Saturday, 22 August 2009

1806 Email Campaign

Life as Napoleon is proving much more difficult that I had imagined. The campaign is now three weeks old, but only three campaign days old, and already the "fog of war" is threatening to overwhelm the French war effort!

The first day/week was uneventful. I sent out orders and assumed that they would be obeyed. The campaign routine was that I send Napoleon's orders to the umpire, who then sends them to the wing/corps commander players. They write orders for their corps and send them back to the umpire, with a copy to me. The umpire sends back to the players a summary of what they have learned, and they send me a report based on that summary. A day later the umpire (in his role as Berthier) sends me a map showing approximate corps locations at the end of the day and a summary of any intelligence received.

On the second week/day I issued orders for the next campaign day. When I received the wing commanders orders to their corps commander it was obvious that they were not where they should have been according to the map I had received from the umpire. A flurry of email between players and umpire resulted in a change in the reporting system. In future I would send orders direct to wing commanders.

Another week/day and the confusion had become worse. The umpire informed me that two of the cavalry corps were unfit for service for 48 hours. When I asked the cavalry corps commander why, he did not know! Another flurry of emails.

I have no idea how life like all of this might be. Certainly it recreates the "fog of war", but it produces such a lot of frustration. Three days into the 1806 campaign would Murat really have told Napoleon that he had no idea what was wrong with his two unfit cavalry divisions because their commanders had not informed him?

Anyway an interesting, if very frustrating and time consuming, exercise in Napoleonic command and control. And it has made me appreciate my own simple campaign system which is designed to give me nothing more than good wargames.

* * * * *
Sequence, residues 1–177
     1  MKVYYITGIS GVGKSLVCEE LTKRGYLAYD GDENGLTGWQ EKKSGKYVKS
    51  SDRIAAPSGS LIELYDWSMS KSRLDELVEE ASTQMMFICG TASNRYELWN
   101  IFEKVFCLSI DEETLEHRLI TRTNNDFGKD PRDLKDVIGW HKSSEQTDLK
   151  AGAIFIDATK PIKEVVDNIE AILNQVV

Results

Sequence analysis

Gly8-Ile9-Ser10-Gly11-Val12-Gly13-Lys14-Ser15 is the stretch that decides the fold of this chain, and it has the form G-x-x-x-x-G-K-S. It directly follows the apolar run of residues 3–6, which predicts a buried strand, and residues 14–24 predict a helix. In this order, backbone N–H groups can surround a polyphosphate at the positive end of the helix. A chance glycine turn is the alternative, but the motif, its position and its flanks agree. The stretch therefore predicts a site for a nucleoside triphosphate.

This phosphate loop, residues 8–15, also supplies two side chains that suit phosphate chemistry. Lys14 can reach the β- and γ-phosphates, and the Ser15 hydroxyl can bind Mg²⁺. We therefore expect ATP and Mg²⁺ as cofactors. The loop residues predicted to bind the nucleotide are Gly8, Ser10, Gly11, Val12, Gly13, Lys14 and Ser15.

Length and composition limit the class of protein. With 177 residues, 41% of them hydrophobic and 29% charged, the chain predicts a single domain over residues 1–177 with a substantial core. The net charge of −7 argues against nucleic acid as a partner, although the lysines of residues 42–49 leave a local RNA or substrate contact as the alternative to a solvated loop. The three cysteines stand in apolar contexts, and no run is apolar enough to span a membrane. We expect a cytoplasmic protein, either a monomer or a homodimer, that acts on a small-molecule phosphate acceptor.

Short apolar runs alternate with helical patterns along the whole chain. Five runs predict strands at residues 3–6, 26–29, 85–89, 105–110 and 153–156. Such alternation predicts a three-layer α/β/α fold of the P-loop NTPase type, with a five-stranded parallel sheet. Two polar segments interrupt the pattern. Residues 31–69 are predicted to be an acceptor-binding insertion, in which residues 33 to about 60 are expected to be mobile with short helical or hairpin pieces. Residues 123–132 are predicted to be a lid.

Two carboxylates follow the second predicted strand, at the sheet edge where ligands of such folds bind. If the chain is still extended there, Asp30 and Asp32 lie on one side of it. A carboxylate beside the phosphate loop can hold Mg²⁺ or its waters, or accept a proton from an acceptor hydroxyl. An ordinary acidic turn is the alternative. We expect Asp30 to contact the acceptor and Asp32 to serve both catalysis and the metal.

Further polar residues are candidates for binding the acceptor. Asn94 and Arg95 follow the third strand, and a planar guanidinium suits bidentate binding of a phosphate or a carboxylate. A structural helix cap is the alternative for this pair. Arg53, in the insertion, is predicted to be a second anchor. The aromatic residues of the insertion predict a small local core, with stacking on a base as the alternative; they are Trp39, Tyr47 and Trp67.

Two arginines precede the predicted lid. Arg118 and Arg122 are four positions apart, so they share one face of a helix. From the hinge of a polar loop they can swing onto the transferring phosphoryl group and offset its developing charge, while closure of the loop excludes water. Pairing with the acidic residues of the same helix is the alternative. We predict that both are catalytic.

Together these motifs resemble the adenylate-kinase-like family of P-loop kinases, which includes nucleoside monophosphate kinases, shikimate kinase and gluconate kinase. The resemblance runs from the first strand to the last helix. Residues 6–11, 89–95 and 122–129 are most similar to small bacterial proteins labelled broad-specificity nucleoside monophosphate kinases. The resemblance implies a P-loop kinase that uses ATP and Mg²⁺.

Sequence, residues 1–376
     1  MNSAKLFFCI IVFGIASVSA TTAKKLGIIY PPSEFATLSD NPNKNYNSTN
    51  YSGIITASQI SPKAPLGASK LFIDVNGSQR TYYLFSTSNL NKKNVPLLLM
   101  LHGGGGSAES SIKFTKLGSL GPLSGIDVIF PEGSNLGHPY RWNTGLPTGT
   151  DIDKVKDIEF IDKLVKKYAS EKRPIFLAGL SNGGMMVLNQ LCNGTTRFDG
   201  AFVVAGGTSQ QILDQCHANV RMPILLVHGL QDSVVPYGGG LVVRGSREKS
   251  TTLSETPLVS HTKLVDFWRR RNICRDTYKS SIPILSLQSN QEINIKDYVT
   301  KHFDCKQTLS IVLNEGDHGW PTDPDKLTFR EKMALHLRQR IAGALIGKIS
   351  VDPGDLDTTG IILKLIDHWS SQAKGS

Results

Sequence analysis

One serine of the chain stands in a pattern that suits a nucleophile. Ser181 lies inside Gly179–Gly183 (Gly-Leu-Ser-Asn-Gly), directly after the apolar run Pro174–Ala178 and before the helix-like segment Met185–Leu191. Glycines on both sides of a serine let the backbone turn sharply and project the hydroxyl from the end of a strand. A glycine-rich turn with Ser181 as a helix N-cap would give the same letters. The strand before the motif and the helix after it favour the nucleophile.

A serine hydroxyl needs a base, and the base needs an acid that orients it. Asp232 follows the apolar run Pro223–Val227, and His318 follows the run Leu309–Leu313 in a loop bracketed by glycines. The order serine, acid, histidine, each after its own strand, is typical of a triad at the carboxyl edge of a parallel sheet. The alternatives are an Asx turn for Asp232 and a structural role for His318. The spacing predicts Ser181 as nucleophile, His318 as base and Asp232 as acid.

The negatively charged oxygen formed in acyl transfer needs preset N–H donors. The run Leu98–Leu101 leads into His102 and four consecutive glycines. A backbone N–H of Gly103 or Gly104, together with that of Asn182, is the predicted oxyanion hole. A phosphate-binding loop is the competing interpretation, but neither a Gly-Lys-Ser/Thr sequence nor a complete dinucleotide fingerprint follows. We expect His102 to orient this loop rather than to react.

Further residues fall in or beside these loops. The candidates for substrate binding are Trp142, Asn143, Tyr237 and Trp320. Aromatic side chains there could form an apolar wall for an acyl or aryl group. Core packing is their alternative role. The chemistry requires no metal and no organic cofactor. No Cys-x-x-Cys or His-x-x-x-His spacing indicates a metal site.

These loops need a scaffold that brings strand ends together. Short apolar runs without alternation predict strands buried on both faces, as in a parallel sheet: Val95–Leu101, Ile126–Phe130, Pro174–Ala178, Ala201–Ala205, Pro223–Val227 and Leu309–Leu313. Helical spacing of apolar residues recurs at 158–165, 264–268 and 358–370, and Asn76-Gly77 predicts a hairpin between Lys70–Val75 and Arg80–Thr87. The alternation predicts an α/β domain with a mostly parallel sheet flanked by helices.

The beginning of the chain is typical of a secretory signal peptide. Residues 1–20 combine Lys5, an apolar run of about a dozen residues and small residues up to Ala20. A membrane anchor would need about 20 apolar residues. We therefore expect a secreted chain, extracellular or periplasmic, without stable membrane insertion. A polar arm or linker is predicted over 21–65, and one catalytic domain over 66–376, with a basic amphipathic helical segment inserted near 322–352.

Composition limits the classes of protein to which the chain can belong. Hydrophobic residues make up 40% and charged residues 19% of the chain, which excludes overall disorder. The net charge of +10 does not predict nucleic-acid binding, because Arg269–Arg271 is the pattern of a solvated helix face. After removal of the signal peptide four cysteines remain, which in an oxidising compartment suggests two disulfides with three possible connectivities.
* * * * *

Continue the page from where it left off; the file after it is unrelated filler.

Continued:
I will keep you informed of how the 1806 campaign proceeds.


  1. Small wonder that by the time of the Waterloo Campaign, Napoleon's digestive tract could only be described as "delicate". Umpteen years of rough living in the field had left its mark.

    Murat was never very good at the day to day grind of reports and receipts. Like Custer, he was all "dash and saber rattling", but they both shined on the battlefield. Like any commander, you must use the tools that are available. (But I sure would send a sharply worded note to his Chief of Staff!)

  2. Hi Martin

    The interesting thing about a multiplayer campaign, as opposed to a solo one, is that you have to deal with real people. And, more important, real egos.

    The difficult thing about email ones is that it all has to be done in writing. And you only have to look at the forums to see how easy it is to take the wrong intention from the written word.

    And its made even more difficult by the fact that the whole thing is organised by a Game Master who has his own game plan.

    Like I said before, very interesting. But also very frustrating. I just hope that the campaign holds together long enough to see how it all works out.



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